Last spring, we reported on Senator Scott Wiener’s SB 827, which proposed major increases in height and density for qualifying housing developments.  Battle lines quickly emerged, with supporters claiming that the legislation was a bold, necessary solution to the housing affordability and climate change crises, and opponents asserting that it was a threat to neighborhood stability and an invitation to gentrification.  The bill was ultimately killed in Committee.  On December 3, Senator Wiener introduced SB 50Like SB 827, SB 50 would constrain local agencies’ ability to impose height and density limits and minimum parking requirements on residential developments (projects with at least two-thirds of the square footage designated for residential use) that meet the legislation’s “transit rich” and/or “jobs rich” criteria.  SB 50 introduces the term “equitable communities incentives” to describe the bill’s various waivers, concessions and incentives.

Senator Wiener added new features, and modified others, to address criticisms of the prior bill.  Highlights include:

  • Expanding density incentives beyond “transit-rich” projects to “jobs-rich” projects (based on criteria such as proximity to jobs, area median income and quality of public schools) to capture more affluent areas outside major transit corridors.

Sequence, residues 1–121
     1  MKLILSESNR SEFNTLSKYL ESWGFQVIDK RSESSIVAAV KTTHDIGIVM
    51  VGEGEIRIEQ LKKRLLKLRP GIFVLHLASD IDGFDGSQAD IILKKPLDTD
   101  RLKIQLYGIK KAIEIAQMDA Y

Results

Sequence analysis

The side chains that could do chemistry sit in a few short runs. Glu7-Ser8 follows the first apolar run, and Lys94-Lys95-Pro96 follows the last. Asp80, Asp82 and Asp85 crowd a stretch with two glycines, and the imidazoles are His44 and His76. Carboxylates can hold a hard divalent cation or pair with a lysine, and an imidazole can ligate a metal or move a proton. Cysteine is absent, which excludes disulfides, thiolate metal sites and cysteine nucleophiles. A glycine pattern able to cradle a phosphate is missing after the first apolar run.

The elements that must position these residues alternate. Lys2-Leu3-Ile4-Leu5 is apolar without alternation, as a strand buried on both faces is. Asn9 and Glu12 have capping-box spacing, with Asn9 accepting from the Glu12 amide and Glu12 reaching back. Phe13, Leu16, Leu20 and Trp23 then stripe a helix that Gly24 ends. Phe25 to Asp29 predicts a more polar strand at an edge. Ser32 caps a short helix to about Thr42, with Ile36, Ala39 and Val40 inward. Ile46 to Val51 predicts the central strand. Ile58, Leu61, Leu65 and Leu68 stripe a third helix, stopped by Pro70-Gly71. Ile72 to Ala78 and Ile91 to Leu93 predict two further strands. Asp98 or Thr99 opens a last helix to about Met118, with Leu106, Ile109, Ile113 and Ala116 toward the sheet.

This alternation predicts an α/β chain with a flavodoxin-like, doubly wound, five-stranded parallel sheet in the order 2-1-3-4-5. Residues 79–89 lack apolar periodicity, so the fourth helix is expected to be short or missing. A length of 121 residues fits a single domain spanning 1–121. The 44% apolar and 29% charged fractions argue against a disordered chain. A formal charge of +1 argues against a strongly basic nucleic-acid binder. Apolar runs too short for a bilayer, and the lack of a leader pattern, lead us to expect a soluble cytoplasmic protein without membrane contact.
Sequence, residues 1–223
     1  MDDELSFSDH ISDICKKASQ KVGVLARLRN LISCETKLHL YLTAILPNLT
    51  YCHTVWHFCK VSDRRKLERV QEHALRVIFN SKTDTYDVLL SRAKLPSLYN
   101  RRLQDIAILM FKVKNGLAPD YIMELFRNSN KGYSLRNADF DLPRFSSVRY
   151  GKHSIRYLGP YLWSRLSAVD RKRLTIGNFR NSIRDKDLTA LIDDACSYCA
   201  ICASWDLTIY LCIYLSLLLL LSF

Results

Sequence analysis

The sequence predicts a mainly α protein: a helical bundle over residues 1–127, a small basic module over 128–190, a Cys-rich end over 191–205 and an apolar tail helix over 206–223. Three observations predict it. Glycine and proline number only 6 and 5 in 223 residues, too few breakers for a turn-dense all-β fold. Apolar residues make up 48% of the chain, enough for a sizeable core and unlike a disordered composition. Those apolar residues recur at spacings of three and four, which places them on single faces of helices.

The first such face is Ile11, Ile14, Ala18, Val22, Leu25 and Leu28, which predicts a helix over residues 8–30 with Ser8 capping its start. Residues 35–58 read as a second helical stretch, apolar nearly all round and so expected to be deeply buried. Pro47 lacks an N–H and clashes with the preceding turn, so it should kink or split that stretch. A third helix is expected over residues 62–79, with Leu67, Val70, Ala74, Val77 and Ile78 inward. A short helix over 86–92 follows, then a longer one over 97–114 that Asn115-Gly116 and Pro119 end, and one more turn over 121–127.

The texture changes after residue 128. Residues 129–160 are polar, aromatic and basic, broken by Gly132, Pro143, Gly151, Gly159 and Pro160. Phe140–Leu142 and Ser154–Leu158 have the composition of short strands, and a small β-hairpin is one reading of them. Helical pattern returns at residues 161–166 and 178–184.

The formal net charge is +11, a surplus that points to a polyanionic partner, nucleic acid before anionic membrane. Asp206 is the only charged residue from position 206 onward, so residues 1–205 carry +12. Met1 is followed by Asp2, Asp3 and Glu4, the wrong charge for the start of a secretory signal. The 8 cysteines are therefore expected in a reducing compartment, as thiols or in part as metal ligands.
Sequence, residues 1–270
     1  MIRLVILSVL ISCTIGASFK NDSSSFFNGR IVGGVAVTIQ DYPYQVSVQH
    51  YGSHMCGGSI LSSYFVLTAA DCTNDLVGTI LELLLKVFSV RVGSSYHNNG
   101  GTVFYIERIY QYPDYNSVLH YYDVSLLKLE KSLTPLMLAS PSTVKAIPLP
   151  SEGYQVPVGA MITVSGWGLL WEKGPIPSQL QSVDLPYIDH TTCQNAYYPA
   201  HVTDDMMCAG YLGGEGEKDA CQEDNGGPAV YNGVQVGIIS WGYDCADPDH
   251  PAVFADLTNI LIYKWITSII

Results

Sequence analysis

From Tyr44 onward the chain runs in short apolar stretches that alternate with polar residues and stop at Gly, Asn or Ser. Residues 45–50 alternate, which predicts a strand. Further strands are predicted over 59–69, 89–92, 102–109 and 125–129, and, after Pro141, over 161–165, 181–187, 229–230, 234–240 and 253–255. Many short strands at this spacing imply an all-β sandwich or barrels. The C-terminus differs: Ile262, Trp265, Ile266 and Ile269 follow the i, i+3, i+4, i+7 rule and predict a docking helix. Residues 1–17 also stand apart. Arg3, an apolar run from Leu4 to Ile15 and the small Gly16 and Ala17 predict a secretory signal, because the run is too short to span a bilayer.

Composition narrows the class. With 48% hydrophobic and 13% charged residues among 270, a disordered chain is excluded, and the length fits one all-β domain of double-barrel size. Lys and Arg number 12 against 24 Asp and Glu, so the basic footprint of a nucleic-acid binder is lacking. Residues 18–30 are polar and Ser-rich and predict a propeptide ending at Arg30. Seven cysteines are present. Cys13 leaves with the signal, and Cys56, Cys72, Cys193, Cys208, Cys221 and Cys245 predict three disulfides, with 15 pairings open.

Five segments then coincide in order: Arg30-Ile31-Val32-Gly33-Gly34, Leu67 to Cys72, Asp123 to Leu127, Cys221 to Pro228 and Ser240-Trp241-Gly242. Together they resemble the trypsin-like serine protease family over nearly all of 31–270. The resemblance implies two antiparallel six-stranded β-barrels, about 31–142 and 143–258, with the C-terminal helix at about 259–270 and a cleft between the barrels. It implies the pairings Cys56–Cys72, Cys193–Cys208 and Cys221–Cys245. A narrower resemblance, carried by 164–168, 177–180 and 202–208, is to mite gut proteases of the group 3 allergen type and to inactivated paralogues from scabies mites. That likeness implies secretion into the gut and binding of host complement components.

• Delaying implementation for designated “sensitive communities” (generally, those with a high risk of gentrification or displacement based on indicators such as percentage of tenant population living at or below the poverty line) to allow time for planning efforts directed at affordable multifamily housing.
  • Designating properties as ineligible if they have housed tenants in the past 7 years, or if the owner has evicted tenants under the Ellis Act in the past 15 years, prior to submittal of a development application; and
  • Providing that projects are generally subject to the more restrictive of SB 50’s affordable housing requirements, or local city inclusionary housing ordinances.

The legislation has a number of co-authors and several early supporters, including Mayors Breed and Schaaf and the State Building Trades Council.  It is expected to be opposed by many of the same local communities that resisted SB 827 based on concerns such as loss of local control and gentrification.  The bill is currently awaiting Committee referral.